Big thanks to Jo Williams and the Bookaroo team for inviting me and for organising such a great festival, and to the British School in Delhi for sponsoring my events!
But while I was having such a terrific time in India, hanging out with the 2 Steves and making some lovely new international author friends, events were moving on apace with the campaigns to save our libraries.
|Campaigners on Judgement Day|
So, what’s the problem? Well, here in Gloucestershire the council’s statements about the High Court judgement have been somewhat austeritical with the truth.
On the day of the judgement, council leader Mark Hawthorne told Channel 4 news that the judge had ruled that the council had not breached its duties under the 1964 Libraries Act - an assertion he repeated on BBC local radio the next day. He has also been widely quoted as saying that “the most important thing here is that the judge said that there is nothing wrong with our plans to transfer some libraries over to communities”.
Nice for the council if it were true. In fact, as explained here, this is based on a misreading. All the judge was saying was (a) it’s for the Secretary of State, not him, to decide whether the council’s plans comply with the act, and (b) since community libraries fall outside statutory provision, they’re not relevant to the act. You can have 100 libraries handed over to communities, or none: the question is, do the council’s own libraries meet the requirements?
Okay; but we can see how that mistake might be made, yeah? I mean, it’s not as if Gloucestershire County Council has its own expensive lawyers to advise them on what the judge meant… Oh, it does? Well… well, maybe they were busy, or at lunch, or at A&E after banging their heads against a wall following the judgement, or something. It’s still a bit harsh, even as a matter of hyperbole, to use the word ‘fibs’ - isn’t it?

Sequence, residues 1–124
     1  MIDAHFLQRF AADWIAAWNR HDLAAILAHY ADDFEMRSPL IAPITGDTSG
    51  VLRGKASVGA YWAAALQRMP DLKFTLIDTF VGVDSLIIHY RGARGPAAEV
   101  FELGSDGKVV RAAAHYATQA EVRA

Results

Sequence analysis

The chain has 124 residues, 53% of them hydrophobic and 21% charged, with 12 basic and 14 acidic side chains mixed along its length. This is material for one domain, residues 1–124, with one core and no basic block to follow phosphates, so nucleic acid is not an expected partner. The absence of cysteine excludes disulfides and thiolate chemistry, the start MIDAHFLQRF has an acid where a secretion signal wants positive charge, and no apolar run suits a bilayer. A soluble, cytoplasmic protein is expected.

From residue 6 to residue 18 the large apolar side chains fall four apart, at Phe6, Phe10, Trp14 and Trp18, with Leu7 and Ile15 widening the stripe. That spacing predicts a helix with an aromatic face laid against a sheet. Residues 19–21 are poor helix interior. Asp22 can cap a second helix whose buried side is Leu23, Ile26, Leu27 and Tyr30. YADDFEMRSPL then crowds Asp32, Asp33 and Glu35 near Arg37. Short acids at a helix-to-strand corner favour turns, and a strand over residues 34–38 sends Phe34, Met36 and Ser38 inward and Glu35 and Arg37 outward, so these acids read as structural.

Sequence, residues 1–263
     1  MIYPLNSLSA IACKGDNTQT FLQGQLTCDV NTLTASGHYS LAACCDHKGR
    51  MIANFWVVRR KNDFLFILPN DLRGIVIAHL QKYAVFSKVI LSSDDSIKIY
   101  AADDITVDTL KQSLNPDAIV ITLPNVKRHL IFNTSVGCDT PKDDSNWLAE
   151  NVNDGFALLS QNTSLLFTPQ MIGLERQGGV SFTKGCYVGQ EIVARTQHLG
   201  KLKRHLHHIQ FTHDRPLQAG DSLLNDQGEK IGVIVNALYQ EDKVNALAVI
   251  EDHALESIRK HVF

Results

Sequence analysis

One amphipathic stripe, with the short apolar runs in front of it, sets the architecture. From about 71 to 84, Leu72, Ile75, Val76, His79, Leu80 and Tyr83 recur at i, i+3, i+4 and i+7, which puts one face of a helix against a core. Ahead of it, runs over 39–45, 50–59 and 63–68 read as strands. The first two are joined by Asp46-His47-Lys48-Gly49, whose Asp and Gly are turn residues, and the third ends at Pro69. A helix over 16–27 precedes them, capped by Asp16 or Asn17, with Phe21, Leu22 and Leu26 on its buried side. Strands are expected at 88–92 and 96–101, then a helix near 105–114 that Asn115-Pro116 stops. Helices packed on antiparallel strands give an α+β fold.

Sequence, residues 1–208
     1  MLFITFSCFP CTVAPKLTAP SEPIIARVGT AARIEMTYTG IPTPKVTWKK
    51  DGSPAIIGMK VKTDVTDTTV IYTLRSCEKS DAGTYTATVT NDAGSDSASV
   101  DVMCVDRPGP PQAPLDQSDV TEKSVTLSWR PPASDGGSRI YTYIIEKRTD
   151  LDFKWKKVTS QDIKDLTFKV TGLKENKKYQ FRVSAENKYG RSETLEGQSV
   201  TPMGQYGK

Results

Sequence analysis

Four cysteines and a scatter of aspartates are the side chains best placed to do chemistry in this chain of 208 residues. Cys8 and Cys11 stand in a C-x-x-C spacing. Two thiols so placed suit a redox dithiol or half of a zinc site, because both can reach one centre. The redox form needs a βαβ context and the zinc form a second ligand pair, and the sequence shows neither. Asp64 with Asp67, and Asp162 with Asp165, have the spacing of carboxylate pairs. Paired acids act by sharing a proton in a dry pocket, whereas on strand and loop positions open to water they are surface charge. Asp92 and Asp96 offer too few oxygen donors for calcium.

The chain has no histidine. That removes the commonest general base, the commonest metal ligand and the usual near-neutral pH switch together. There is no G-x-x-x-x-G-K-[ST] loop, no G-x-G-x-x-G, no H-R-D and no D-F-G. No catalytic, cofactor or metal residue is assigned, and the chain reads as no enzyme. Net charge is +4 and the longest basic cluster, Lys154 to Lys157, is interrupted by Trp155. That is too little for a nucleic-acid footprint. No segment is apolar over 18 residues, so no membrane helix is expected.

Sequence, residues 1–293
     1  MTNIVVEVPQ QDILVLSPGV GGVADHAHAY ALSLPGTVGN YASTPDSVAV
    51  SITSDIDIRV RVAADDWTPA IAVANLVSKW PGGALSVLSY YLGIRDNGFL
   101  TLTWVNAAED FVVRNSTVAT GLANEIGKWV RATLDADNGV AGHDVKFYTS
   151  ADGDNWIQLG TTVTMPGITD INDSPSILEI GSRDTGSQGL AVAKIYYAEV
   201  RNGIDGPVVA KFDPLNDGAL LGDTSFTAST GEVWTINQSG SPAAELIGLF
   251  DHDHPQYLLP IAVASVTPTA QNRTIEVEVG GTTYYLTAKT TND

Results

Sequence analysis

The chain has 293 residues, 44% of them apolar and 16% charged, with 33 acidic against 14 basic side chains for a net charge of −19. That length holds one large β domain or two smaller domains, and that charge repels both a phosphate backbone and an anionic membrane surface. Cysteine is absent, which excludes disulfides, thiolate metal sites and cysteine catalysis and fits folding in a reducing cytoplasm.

No, I don’t think so. You see, in the same interviews, Councillor Hawthorne also claimed that the council had lost only because it had been tripped up on a very small technical point. I’ll repeat that, in his own words: “What we’ve been tripped up on here is a very small technical point.” You can see it around 2 minutes 10 seconds into the Channel 4 video.
Let’s compare that with the judge’s words, as quoted in The Guardian: the breach of equalities duties was "substantive, not merely a technical or procedural defect".
Hmm… Judge McKenna: “substantive, not merely a technical or procedural defect.”
Cllr Hawthorne: “a very small technical point”.
Who’s telling the truth here, reader?
Here’s a clue: the judge also described the council’s plans as both unlawful and “bad government”, said it was “important to the rule of law” that they be quashed, struck out those plans, refused the council permission to appeal, and awarded full costs against the council.
Councillor Hawthorne may not have been deliberately lying; but he certainly wasn’t telling the truth. And there’s no evidence that he’s retracted his assertions - in fact, all the public statements I've seen from the council suggest to me that they see the High Court judgement as a minor inconvenience, a “small technical point” to be worked around.
So the question I’ve been asking is: is this man really fit to be in charge of our public services?
I have no problem with someone making a mistake. I can forgive someone who makes a huge mistake and then sets about putting it right. But our public servants should respect the rule of law. And the evidence suggests to me that Councillor Hawthorne does not.
*We don’t have a legal team here on An Awfully Big Blog Adventure, but if we did I’m sure they’d want me to make clear that today’s title is (a) hyperbole for comic effect, and (b) a whimsical and extremely tenuous reference to Al Franken’s book about something completely different. For the record, I’d like to state that I have no evidence that anyone associated with Gloucestershire County Council is either big or fat. Oh, and I acknowledge that it’s quite possible that they actually believe all of their statements, even those which are demonstrably untrue.
As per our disclaimer, all opinions expressed in this post are mine alone, and do not necessarily reflect those of any other member of the team, including the site owner.
John's website is at www.visitingauthor.com.
He's also now on twitter as @JohnDougherty8, and consequently will probably never do any work ever again.
Finn MacCool and the Giant's Causeway - a retelling for the Oxford Reading Tree
Bansi O'Hara and the Edges of Hallowe'en
Zeus Sorts It Out - "A sizzling comedy... a blast for 7+" , and one of The Times' Children's Books of 2011, as chosen by Amanda Craig